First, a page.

The education was akin to indoctrination, the students being filled strictly with American history and Western values and culture. The curriculum included US history, geography, language, math, reading, writing, and spelling. Recall that the attempt wasn't so much for actual education but rather to strip them of their "inferior" culture that was preventing them from becoming civilized (this, of course, was stripping them of their identity, as well). While much of this was not atypical for students in many boarding schools in the United States and England, it should be remembered that these children were not part of either culture in any significant way.

But that's what was done. Part of the way the school succeeded was by the way it isolated the students from the "taint" of their culture. First they were taken away from their families. Second, they were separated and stripped of any cultural identity they had. Third, they had a new cultural identity assigned and ingrained in them.

Pratt's school appeared a great success, helped along by his extensive use of "before and after" photographs of the students, showing them as "savage" (occasionally redressed to look more exotic and "uncultured") then "civilized." Another "bonus" was that after being covered up and in the less sunny climate, the students lost their tan (some were probably sick, as well) therefore appearing "more white." The school and "program" became a model for other schools hoping to accomplish the same.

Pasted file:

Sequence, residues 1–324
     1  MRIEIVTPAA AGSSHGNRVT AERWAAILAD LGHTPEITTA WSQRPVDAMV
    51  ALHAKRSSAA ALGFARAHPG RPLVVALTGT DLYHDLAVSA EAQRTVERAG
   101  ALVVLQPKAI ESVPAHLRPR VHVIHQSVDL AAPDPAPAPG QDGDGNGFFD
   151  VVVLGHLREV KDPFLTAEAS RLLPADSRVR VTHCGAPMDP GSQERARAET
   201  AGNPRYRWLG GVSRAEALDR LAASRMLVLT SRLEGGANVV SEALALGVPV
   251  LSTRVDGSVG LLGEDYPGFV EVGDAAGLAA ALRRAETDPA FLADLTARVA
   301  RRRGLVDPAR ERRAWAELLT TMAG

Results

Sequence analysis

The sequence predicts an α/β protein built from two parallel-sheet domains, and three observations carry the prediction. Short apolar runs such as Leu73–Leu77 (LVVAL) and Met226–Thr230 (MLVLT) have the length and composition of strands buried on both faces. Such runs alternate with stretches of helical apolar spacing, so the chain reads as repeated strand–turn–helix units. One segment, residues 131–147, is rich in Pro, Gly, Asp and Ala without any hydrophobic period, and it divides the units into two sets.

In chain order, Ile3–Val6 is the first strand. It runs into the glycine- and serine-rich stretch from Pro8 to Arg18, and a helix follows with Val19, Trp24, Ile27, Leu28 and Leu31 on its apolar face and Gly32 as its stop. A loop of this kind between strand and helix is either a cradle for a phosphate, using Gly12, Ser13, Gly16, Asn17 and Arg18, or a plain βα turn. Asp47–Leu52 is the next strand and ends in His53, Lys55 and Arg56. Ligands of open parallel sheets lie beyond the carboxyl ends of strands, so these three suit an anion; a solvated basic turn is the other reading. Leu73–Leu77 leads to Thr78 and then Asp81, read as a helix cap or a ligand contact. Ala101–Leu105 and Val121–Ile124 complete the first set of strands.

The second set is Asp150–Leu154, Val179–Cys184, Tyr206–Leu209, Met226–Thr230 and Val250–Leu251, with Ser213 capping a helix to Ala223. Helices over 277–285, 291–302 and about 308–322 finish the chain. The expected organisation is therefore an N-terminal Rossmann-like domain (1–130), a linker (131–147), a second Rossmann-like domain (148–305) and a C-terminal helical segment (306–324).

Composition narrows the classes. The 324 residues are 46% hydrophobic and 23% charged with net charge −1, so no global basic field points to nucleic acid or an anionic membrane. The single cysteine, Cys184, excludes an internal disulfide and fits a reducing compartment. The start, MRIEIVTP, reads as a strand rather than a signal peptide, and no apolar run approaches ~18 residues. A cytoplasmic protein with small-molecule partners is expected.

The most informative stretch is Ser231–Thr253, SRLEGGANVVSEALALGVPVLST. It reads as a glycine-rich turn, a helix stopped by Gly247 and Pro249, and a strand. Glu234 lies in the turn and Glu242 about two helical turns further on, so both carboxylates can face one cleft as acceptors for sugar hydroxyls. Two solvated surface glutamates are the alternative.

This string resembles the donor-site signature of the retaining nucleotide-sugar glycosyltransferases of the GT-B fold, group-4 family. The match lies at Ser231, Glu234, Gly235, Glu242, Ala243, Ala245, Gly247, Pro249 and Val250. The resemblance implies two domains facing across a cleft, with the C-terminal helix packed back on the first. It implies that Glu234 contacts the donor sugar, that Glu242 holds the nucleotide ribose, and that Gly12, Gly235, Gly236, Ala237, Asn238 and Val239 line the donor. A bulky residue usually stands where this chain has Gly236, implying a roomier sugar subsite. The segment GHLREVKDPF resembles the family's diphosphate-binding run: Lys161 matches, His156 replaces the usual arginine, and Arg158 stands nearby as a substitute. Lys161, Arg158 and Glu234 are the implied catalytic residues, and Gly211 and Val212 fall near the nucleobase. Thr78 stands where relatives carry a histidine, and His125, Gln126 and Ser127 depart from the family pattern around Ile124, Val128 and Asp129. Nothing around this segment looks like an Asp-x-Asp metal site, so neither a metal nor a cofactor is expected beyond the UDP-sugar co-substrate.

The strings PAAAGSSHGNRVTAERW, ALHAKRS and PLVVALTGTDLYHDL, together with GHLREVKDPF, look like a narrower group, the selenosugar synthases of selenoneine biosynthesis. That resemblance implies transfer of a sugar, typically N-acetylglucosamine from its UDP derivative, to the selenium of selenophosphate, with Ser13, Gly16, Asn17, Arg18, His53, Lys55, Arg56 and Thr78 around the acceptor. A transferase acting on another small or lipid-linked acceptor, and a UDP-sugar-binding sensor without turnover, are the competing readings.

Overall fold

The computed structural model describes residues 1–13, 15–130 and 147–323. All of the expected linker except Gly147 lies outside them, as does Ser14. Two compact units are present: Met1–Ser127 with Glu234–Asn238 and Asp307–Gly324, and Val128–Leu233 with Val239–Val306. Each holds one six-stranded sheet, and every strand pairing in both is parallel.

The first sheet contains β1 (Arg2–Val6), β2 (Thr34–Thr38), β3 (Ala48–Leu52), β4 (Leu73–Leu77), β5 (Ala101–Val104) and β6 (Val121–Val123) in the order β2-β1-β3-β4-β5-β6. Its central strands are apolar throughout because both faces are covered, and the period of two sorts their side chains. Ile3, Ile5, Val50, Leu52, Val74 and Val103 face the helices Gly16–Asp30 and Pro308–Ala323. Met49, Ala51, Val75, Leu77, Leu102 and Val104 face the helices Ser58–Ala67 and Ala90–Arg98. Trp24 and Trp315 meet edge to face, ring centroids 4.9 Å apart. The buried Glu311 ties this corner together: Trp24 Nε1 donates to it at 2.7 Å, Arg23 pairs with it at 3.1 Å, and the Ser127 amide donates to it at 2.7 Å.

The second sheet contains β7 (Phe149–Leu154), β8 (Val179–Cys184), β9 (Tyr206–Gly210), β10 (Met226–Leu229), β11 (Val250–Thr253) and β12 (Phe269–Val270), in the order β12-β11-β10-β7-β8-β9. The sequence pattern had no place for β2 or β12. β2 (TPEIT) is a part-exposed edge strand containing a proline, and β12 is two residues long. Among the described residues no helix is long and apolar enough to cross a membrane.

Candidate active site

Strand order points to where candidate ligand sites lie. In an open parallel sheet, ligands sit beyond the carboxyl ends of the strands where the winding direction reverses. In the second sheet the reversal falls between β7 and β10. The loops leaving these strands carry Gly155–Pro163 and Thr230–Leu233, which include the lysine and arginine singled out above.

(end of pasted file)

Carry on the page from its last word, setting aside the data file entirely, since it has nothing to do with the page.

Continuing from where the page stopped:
This wasn't entirely a new thing. Indian children and even some adults had been schooled going back nearly a hundred years, often by missionaries. And while the extent that they were "civilized" in the process (as well as whether that was the intention—some believed they were doing good work by simply educating the Indians, others saw it as a means for religious conversion) runs from little to complete, none of the previous efforts were as systematic or far-reaching in their application and execution. Though the original students at Carlisle were "recruited" from reservations, later students there and elsewhere were taken (education for Indian children became mandatory in 1893). If parents refused, authorities were allowed to withhold promised annuities and even rations. Jail time was another possibility.

Building on the "success" at transforming the Indians into Americans, there was a sustained effort to expand and continue as the century came to a close. There were over 300 schools devoted to teaching Indian children by 1900 with an enrollment of 22,000. This was nearly 10% of the total Indian population at the time.3 It is estimated that about 18,000 of those children attended schools modeled after Carlisle. [Much of the rest that follows is not Carlisle specific, though similar patterns existed throughout much of the system. Bear in mind, it wasn't all horrors for the students—regardless of its being right or wrong—and some students went on to be successful, including athlete Jim Thorpe. None of which mitigates the problems or the intent to extinguish the identity of a people.]